My Experience Related to Foreign Language Learning and Teaching
Nowadays, we are living in such a multicultural world that speaking English has become essential to be able to communicate with people from different countries, to travel and to expand working opportunities.
English is present everywhere, particularly on the political scene, encouraging international exchanges. This language is the most spoken in the world after Mandarin with 1.5 billion people speaking English out of a total world population of 7.5 billion people. Despite this, English remains a foreign language for many people.
This post was written by our TEFL certification graduate Léna T. Please note that this blog post might not necessarily represent the beliefs or opinions of ITTT.
What is my experience related to foreign language learning and teaching?
I will consider my relation to the foreign language experience in two different aspects: the learning experience of English and the teaching experience of English. To illustrate the first aspect of learning English as a foreign language, I will talk about my personal experience abroad. In the second part of this analysis, I will highlight my experience of teaching English as a foreign language.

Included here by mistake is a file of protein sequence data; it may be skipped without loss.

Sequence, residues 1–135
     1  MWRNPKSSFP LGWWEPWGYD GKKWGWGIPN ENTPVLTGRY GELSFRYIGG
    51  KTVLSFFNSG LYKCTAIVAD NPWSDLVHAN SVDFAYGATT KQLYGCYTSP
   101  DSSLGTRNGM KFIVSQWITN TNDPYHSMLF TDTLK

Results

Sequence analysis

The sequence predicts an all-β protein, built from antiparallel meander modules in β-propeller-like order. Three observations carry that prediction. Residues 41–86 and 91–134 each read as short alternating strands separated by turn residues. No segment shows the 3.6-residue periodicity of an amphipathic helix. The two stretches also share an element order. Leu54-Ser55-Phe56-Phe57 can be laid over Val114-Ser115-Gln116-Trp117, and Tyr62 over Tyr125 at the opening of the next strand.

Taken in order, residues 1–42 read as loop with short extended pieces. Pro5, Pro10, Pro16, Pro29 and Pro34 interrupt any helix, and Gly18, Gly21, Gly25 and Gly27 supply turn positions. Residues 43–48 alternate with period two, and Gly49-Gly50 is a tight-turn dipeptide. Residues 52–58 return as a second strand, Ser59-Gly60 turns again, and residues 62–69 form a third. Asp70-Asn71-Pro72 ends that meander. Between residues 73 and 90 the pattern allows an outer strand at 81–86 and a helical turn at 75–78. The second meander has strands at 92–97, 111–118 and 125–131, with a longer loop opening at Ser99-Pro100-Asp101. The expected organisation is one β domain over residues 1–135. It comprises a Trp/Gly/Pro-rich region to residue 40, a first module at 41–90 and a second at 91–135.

The experience of learning English as a Foreign Language: My personal experience in Australia
When we are traveling to a foreign country the “language barrier” is the common issue we face if we do not speak the language of the country.
I am French and I have always dreamt to speak English fluently. However, even after fifteen years of learning English at school, my English was still very limited since I never had the chance to put my knowledge into practice. I learned English in a theoretical way instead of a practical way. Everything changed when I went to Australia in 2011. To overcome this “language barrier”, I had to learn and to speak English. I spent one year over there and I became fluent.
I mostly learned English with the people I spent time with. It was a real motivation to improve my speaking skills. My experience in learning English in Australia has been funny, difficult and even confusing sometimes. At the beginning of my travel to Australia, my pronunciation was incorrect which led to a few misunderstandings. For example, I was saying “tired” but people understood “tight”. It was quite hilarious. In the beginning, I was shy, I was not confident, but step by step, my friends and all the people I met during this travel helped me to pronounce English correctly to extend my vocabulary and to improve it. I learned a lot of things and their help was precious and rewarding.
Also Read: What is the difference between TESOL and TEFL?
The benefits of learning a foreign language
What an incredible and fulfilling experience it is to be able to speak fluently a foreign language after one year only!